2020 DOT Inspection Readiness – now
re-scheduled for Sept. 9-11
The annual International Roadcheck—conducted by the Commercial Vehicle Safety Alliance (CVSA) in late this year—is a high-visibility reminder of the importance of commercial motor vehicle safety. The 2020 International Roadcheck is now scheduled for Sept. 9-11.
Let’s review a few important notes and changes for the 2020 International Roadcheck.
Date change for 2020 International Roadcheck
Historically, the International Roadcheck has happened the first week of June. In 2020, the DOT inspection dates planned to have been moved up a month to take advantage of potentially more favorable weather conditions.
This year, the CVSA’s International Roadcheck was supposed to happen May 5-7, 2020, but was cancelled due to the coronavirus pandemic, and is now re-scheduled for Sept. 9-11.
Law enforcement will also be paying closer attention to unsafe driving behaviors of both truck and car drivers July 12-18 as part of the CVSA Operation Safe Driver Week.
In July, more than 10,000 citations, warnings issued to truckers during Operation Safe Driver Week, mostly for speeding and seat belts.
Also, the annual Brake Safety Week enforcement blitz is scheduled for August 23-29, 2020 with no plans of being postponed this year.
“During last year’s International Roadcheck inspection and enforcement initiative, brake system and brake adjustment violations accounted for 45.1% of all out-of-service conditions. That’s more than any other vehicle violation category. And during last year’s Brake Safety Week, 13.5% of the commercial motor vehicles inspected had brake-related vehicle inspection item violations and were placed out of service,” the CVSA statement reported.
DOT inspection focus for 2020 International Roadcheck
Primarily, the International Roadcheck conducts the North American Standard (NAS) Level I Inspection, which includes 37 steps in two main inspection categories:
- driver operating requirements
- vehicle mechanical fitness
- Note: hazardous materials/dangerous goods are sometimes part of a Level I inspection
Depending on other factors, an inspector could conduct a:
- Level II inspection (walk-around driver/vehicle)
- Level III inspection (driver/credential/administrative) and/or
- Level IV inspection (vehicle-only)
Each year, there is also a special category focus. This year’s now-postponed Roadcheck focus is on the driver requirements category.
This includes driver CDLs, medical cards, seat belts, records of duty status, ELD compliance and more – during the 72-hour ramp-up in enforcement.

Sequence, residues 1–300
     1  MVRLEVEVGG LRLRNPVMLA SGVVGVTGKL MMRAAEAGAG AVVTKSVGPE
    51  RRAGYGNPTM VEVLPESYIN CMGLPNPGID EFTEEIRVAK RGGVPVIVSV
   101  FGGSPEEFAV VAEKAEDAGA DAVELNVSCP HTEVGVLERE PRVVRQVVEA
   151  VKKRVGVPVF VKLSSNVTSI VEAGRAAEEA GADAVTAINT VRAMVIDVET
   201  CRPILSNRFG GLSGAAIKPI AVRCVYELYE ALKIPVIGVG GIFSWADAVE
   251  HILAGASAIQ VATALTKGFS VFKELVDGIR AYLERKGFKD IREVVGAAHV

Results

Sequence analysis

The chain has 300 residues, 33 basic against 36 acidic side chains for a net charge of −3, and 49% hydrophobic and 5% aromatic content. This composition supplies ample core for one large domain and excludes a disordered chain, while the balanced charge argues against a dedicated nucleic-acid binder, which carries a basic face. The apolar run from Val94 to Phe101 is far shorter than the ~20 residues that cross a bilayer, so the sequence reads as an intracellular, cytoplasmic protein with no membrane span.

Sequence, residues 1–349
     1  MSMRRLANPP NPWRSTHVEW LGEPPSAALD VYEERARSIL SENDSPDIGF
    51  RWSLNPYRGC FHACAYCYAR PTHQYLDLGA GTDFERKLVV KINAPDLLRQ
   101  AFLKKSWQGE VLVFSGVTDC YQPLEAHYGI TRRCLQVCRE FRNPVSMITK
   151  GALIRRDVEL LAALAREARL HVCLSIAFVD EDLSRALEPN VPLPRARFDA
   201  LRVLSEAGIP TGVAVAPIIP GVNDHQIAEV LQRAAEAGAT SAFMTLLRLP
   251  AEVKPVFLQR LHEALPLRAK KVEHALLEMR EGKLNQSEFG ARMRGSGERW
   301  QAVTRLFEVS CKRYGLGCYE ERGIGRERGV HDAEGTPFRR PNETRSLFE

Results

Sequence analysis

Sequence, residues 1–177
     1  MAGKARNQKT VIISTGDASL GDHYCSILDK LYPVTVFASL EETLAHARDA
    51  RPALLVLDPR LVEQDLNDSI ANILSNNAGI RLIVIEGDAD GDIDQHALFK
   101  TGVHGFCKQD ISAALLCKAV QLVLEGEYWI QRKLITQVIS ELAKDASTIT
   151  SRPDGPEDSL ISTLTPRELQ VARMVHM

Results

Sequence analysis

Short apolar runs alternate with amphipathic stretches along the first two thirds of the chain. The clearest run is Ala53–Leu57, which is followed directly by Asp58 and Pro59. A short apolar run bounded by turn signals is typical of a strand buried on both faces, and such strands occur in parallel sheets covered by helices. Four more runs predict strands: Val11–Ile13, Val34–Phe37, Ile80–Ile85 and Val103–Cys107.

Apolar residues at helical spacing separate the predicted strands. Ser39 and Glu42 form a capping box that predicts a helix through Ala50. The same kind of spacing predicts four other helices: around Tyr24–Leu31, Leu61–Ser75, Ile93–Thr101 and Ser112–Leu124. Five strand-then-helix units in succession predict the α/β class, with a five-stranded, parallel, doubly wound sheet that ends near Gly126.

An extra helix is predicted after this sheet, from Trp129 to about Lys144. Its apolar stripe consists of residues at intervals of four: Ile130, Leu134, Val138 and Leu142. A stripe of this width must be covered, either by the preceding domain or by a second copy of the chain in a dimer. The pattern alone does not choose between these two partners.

CVSA’s President, Sgt. John Samis of the Delaware State Police, commented that due to the US Federal mandate for electronic logging device compliance, “this year’s International Roadcheck would be the perfect opportunity to revisit all aspects of roadside DOT inspection driver requirements.”
What to expect during the CVSA International Roadcheck
At a minimum, drivers should anticipate the following procedures during a roadside DOT inspection:
- inspector greeting, interview, driver preparation
- collection/verification of driver documents
- motor carrier ID
- license examination
- records check (duty status and periodic inspection reports)
- certification check
- Medical Examiner’s Certificate
- Skill Performance Evaluation Certification, and
- daily vehicle inspection report
- other inspections such as driver seat belt usage, illness, fatigue, impairments due to substance use
A roadside DOT inspection would include critical components such as:
- brake systems
- cargo securement
- coupling devices
- driveline/driveshaft components
- driver’s seat (missing)
- exhaust systems
- fuel systems
- lighting devices
- steering mechanisms
- suspension system
- van and open-top trailer bodies
- wheels, rims, and hubs
- windshield wipers
- Buses, motor coaches, passenger vans or other passenger-carrying vehicles: emergency exits, electrical cables and systems in engine and battery compartments, and temporary and aisle seating
Although this 3-day event spanning from Canada to Mexico intensifies the frequency of inspections, it’s crucial to remember that DOT inspections happen every day of the year.
The FMCSA 2019 data reports 3.36 million inspections last year, with only 67,072 (or, about 2%) happening during the International Roadcheck. The annual data show 944,794 driver violations, with just over 20% (195,545) being for out-of-service conditions.
Obeying safety standards and being prepared for inspection at any time of the year is a vital aspect of any driver’s protocol.
What are CVSA Standards for critical violations?
The basis for violations comes from the CVSA North American Standard Out-of-Service Criteria.
There are eight different levels of inspection the CVSA follows. However, truck inspections in the 2019 Roadcheck were only subjected to the North American Standard (NAS) Level I, II and III Inspections.